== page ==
Heartthrob’s Barbed Blog Challenges China’s Leaders:
Since he began blogging in 2006, Mr. Han has been delivering increasingly caustic attacks on China’s leadership and the policies he contends are creating misery for those unlucky enough to lack a powerful government post. With more than 300 million hits to his blog, he may be the most popular living writer in the world.
In a recent interview at his office in Shanghai, he described party officials as “useless” and prone to spouting nonsense, although he used more delicate language to dismiss their relevance. “Their lives are nothing like ours,” he said. “The only thing they have in common with young people is that like us, they too have girlfriends in their 20s, although theirs are on the side.”
It looks like internet usage in China may be reaching 400 million soon. This may seem a bit of a stretch, but I wonder if someone such as Han Han might be viewed as an heir to the long tradition of Confucian scholars who serve as outsider critics against Imperial regimes they deemed morally unfit.
Comments Off on How the outsider looks
Reading An Introduction to Confucianism, which is not the typical historically linear treatment (i.e., Confucius → Han dynasty State Confucianism → Song dynasty Neo-Confucianism, etc.), and is also more comprehensive than most introductions (it’s over 350 pages). In case, the author notes that before the Han dynasty Confucianism was simply one of many contesting schools. It was during the reign of Hanwudi that Confucianism was integrated into the administrative ideological apparatus of the unified Chinese state, resulting in State Confucianism. It is famously known that the Legalist school, which was brought to preeminence by the students of the Confucian sage with the most “tragic vision,” Xunzi, attempted to expunge Confucianism during the Chin dynasty. The Chin dynasty is reviled throughout most of Chinese history (with the Maoists being an interesting exception) for its espousal of Legalism and rejection of the humanistic ethos at the heart of Confucianism, but, it is also acknowledged by modern scholars to have set the foundations for the dynastic system which fostered a resurrection of a unified Chinese imperial state after every political collapse. The Chin united China in a manner which set the template for all of Chinese history; by comparison, the Zhou dynasty which the early Confucians idolized was a primitive and feudal polity.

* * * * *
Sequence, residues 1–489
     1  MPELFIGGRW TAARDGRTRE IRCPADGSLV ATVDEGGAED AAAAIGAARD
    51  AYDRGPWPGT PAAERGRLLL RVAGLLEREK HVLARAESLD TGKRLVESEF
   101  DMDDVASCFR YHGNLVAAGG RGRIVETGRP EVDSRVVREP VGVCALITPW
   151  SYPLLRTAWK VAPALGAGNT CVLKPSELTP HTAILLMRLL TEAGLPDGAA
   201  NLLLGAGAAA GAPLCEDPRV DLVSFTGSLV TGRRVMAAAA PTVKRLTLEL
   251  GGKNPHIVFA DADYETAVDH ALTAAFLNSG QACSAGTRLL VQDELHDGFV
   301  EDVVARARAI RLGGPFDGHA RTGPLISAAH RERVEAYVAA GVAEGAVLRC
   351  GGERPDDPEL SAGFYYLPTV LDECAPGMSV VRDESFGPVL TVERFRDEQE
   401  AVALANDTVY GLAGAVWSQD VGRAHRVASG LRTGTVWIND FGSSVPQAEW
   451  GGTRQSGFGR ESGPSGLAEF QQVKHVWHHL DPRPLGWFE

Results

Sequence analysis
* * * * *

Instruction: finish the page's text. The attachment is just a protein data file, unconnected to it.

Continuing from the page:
Many modern scholars would argue that the practical structural scaffolding of the Chinese state between the Chin and the early 20th century, a span of over 2,000 years, owed much to Legalism, even if the symbolic ideological core of the state was generally Confucian. And yet I can not help but wonder if China would ever have been unified, and its local identities subordinated to the center, if not for the blitzkrieg which was the Chin Legalist state. Like Stalinist Russia or Maoist China it seems likely that the Legalist phase had a “sell-by” date, the Chin dynasty collapsed almost immediately after the death of the First Emperor. A China where Confucian ideology marginalized Legalism early enough may have been one where China, like India or Europe, developed into a civilization of states, instead of a state which was coterminous with the civilization. State Confucianism may never have developed, and become entrenched as the foundational ethos of the bureaucratically oriented literati. The Confucian Age in China may have been an ancient period before the rise of Buddhist monarchies.
Addendum: Also recommended, The Early Chinese Empires: Qin and Han.
Comments Off on Historical contingencies of civilizational ideologies
I noticed that a new biopic of Confucius just opened in China. It’s pretty obvious that they “sexed up” his life, as you can see in the trailer. In terms of a big-budget biopic it seems to me that the life of Confucius is a very thin source of blockbuster material in relation to other social-religious figures of eminence. Jesus, Moses and Buddha have supernatural aspects to their lives. Muhammad’s life offers the opportunity for set-piece battles. Confucius was in many ways a failed bureaucrat, a genius unrecognized in his own day. His life can’t be easily appreciated unless you have the proper context of his impact on Chinese history in mind. Stepping into it without a grand frame can lead one to conclude that he was quite a pedestrian man. Confucius was a man of ideas (though even those ideas can seem somewhat obscure, e.g. rectification of names). You see this in Annping Chin’s The Authentic Confucius: A Life of Thought and Politics; I can’t imagine Karen Armstrong writing such a dense and slow book.
Comments Off on Confucius biopic